Basically, there is no problem I found when using standalone Compiz session, except a little problem that I could not find an easy button or a way for logging out smoothly from the Compis session. So, I started searching some information on the internet for the solution. I didn't find many, but I did find enough working script.

So, by editing and combining command and script I found, I finally able to made a simple script that works. The screenshot below is the Quit Session window that I made, based on scripts I found on Arch Linux and Ubuntu forums.

And below is the code, a python script, I gave this tiny app a name: "Quit Now!", an agnostic Linux desktop session utility, for immediately quitting current session (Log out, Reboot and Shutdown):

Wednesday, April 18, 2012

zonModAmbiance: Fixing Ambiance, the default Ubuntu Theme (12.04 Precise Pangolin)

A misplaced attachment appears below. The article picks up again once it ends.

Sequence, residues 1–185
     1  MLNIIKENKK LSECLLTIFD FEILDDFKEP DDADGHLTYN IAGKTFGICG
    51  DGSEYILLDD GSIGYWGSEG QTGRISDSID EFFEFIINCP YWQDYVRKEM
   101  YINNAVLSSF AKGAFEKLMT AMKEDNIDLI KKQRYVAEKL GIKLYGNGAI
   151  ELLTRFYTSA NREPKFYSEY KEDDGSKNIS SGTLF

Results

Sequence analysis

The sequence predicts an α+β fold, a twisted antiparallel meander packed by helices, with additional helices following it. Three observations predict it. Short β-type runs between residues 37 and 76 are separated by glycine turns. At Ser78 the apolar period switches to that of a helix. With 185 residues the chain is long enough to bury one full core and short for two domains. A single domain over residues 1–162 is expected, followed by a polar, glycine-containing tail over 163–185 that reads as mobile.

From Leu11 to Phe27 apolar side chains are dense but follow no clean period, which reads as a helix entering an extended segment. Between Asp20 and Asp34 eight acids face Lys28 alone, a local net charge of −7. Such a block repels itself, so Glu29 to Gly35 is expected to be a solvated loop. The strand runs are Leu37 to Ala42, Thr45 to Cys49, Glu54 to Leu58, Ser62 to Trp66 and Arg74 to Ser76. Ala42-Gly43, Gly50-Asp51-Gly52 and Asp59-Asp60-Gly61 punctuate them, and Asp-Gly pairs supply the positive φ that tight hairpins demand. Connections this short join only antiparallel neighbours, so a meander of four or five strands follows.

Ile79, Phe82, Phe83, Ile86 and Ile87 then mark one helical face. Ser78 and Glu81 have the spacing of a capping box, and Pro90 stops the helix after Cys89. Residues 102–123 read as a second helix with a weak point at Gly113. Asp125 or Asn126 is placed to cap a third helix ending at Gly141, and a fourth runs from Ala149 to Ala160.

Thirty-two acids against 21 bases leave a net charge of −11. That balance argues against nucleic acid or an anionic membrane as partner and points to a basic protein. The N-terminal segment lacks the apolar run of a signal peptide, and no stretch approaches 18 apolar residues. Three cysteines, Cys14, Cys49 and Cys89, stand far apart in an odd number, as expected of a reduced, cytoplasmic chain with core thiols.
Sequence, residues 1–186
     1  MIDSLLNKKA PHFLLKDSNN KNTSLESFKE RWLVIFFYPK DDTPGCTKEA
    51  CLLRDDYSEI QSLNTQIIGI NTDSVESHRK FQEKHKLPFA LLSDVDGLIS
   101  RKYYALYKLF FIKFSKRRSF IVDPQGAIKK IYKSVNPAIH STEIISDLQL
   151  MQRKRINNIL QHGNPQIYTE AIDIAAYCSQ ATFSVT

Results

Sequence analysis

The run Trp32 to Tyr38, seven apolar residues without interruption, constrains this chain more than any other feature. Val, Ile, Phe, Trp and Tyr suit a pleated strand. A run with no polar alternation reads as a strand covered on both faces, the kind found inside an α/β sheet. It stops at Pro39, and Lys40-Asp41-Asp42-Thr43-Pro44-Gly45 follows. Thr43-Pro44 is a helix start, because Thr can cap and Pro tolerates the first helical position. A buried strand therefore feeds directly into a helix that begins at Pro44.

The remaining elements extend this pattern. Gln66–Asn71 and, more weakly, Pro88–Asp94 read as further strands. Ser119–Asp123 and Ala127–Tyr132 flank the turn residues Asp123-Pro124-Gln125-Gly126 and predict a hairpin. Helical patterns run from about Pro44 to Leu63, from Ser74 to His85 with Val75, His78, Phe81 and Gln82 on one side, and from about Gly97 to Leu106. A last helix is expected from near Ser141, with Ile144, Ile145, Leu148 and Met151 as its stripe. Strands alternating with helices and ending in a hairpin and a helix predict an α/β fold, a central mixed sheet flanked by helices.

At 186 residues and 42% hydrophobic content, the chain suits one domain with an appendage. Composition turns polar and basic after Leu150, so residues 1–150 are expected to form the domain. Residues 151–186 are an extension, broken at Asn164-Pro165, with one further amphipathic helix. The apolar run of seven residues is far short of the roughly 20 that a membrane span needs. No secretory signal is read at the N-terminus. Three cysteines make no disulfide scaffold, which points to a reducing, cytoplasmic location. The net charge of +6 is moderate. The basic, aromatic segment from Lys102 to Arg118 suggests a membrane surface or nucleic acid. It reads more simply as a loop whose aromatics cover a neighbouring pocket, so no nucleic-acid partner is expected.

In the end of this month, on April 26th to be exact, Ubuntu 12.04 LTS "Precise Pangolin" will be released by Canonical, the company behind the Ubuntu project. This is a much awaited release by the Ubuntu comunity around the globe, bringing many new features, and also most importantly is the version entitled Long Term Support (LTS) will be supported for five years for both desktop and server version of the operating system.

In this last minutes before the public final release, the developers are very busy for sure, preparing the OS to ensure it will be a perfect product for everyone to use.

I have been using Ubuntu 12.04 Precise Pangolin since its first beta release, and found it much better than any of its predecessors, be it in performance, look and feel, and also some new features.

One of the main feature in the latest Ubuntu OS is, of course, Unity, the desktop environment inspired by the sky-rocketing popularity of tablet devices. By delivering Unity, the Ubuntu team aims to provide most efficient, efective and pleasent to use user interface, mainly for new users.

But... :)

Wednesday, February 22, 2012

Ubuntu on Android: Desktop PC on Phone